Bath hold off London Irish to advance to European Challenge Cup semi-finals
The west country club booked a seventh appearance in the competition’s last four and kept alive hopes of recapturing a trophy they last won 13 years ago.
Bath took charge of the all-Gallagher Premiership encounter through prop Will Stuart’s try double and a touchdown for their former Irish lock Josh McNally that underpinned a comfortable interval advantage.
Irish staged a stunning late fightback to defeat round of 16 opponents Cardiff Blues, yet there was no repeat seven days later.
Bath captain Charlie Ewels featured after serving a one-match ban – he was sent off in a league game against Irish last month – while prop Facundo Gigena made his debut for the visitors in a team skippered by flanker Matt Rogerson.
A two-minute silence was held before kick-off following the death of the Duke of Edinburgh, while Bath’s club flag flew at half-mast.
Irish dominated early territory and possession, responding well to centre Theo Brophy Clews’ departure for a head injury assessment, and they took a sixth-minute lead.
The Irish forwards drove from a lineout deep inside Bath’s 22, and Creevy touched down, with Jackson’s conversion opening up a seven-point lead.
But Bath’s response was immediate, and they drew level through a close-range effort by McNally that Spencer converted.
Brophy Clews failed his HIA, leaving James Stokes as a permanent replacement in the Irish midfield, yet Irish continued to spend long spells inside Bath’s half before they were hit by a brilliant counter-attacking score.
Mercer charged clear from close to his own line, finding back-row colleague Taulupe Faletau in support, and Faletau’s kick and chase created sufficient time for the home side to pounce before Irish could regroup.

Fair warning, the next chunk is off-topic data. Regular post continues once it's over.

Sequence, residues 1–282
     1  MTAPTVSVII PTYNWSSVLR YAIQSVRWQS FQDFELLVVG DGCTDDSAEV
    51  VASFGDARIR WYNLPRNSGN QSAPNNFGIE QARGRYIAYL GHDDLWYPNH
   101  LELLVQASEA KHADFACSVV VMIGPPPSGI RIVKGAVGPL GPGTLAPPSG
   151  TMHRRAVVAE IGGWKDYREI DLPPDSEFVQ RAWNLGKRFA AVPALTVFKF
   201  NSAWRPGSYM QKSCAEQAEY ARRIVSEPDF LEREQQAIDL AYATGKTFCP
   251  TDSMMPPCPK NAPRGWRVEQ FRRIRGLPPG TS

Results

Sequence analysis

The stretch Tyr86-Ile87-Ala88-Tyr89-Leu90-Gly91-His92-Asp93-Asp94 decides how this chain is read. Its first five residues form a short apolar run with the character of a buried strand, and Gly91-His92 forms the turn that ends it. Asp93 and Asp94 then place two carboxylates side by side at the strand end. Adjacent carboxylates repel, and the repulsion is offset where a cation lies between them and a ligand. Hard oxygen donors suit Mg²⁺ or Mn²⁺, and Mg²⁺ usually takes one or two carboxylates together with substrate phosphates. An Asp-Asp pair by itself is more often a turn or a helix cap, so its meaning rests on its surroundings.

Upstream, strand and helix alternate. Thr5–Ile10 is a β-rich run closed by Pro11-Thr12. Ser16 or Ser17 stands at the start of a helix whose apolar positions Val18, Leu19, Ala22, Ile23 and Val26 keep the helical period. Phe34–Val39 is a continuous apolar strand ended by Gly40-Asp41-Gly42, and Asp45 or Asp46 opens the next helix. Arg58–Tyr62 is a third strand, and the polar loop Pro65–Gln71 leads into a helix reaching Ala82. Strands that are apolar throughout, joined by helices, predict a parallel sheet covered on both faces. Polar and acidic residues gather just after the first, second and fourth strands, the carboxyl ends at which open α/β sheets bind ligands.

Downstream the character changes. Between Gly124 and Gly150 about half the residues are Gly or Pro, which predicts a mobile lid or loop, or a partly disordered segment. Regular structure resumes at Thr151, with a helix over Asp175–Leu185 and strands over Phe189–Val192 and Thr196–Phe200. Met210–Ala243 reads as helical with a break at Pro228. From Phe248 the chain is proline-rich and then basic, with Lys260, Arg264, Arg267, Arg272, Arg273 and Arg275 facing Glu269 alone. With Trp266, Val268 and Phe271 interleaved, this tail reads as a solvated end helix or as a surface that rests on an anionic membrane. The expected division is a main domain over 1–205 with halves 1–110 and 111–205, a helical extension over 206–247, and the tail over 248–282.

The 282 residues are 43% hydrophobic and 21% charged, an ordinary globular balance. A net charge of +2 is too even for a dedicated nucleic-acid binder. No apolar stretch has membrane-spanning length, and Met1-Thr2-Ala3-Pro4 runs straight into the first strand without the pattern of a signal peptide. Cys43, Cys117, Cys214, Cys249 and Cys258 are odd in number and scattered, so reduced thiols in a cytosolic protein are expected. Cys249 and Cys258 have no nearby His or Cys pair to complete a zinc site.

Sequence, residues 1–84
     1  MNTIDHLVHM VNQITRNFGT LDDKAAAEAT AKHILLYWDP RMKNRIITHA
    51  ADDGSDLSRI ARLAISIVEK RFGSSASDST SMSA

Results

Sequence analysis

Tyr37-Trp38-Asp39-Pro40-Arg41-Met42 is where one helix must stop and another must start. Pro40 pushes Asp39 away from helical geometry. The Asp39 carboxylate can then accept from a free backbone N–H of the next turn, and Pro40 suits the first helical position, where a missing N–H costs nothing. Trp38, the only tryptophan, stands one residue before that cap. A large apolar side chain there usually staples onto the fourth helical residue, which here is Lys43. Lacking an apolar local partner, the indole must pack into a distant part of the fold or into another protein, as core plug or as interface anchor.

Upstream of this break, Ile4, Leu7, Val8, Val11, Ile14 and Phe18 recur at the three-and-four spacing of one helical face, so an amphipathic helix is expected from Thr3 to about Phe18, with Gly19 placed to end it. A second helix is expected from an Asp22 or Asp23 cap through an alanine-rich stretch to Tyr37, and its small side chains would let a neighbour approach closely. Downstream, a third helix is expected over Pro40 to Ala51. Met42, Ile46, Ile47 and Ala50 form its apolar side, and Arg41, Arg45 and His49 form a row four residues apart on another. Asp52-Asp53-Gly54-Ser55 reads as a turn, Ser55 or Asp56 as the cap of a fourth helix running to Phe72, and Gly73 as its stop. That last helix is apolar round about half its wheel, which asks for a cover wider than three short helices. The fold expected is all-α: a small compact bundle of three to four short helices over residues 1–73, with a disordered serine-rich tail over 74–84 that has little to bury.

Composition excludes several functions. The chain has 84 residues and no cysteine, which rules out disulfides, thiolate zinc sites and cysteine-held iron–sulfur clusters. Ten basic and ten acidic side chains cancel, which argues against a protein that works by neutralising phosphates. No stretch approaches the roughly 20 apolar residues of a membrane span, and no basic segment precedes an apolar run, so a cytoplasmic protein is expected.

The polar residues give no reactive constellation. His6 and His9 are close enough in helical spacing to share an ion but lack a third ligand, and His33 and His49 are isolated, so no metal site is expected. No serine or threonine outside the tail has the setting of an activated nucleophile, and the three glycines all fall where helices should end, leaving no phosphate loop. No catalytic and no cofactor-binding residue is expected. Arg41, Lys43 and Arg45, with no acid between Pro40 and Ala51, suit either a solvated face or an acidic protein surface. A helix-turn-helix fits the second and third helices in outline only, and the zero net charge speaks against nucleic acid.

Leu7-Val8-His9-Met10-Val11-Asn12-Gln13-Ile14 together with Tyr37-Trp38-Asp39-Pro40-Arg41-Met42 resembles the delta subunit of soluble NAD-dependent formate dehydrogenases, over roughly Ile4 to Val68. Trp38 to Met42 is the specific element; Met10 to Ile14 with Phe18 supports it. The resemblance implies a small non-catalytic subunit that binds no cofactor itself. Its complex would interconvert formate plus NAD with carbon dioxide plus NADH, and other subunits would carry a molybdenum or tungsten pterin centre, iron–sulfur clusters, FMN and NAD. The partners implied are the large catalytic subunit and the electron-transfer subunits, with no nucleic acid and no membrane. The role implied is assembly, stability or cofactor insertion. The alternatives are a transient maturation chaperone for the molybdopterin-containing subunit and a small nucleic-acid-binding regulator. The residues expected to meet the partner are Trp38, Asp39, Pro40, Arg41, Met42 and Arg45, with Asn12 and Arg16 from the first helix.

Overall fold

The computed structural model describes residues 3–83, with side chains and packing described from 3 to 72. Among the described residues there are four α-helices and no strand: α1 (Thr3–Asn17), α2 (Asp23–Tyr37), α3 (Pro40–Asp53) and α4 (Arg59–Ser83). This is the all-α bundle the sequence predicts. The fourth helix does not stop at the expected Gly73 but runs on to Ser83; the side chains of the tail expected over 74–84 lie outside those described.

Bath moved possession wide at pace, before their forwards did the rest, with Stuart crashing over from close range and Spencer converting for a 14-7 advantage.
Stuart was at it again just eight minutes later, claiming his second try as the Bath pack began to enjoy telling ascendancy, and matters in danger of drifting away from Irish.
Jackson then kicked a penalty on the stroke of half-time, cutting Irish’s deficit to nine points.
A scoreless third quarter was due in the main part to impressive Irish defence as Bath’s forwards laid siege, but they were denied in the face of fiercely-committed tackling.
And the visitors gained a reward through Jackson’s second successful penalty 18 minutes from time, giving Bath plenty to ponder after they were in charge at the midway point.
But the home side rallied, and Mercer claimed his team’s fourth try after 68 minutes, with Spencer’s conversion leaving Irish 13 points behind and staring at the exit door.
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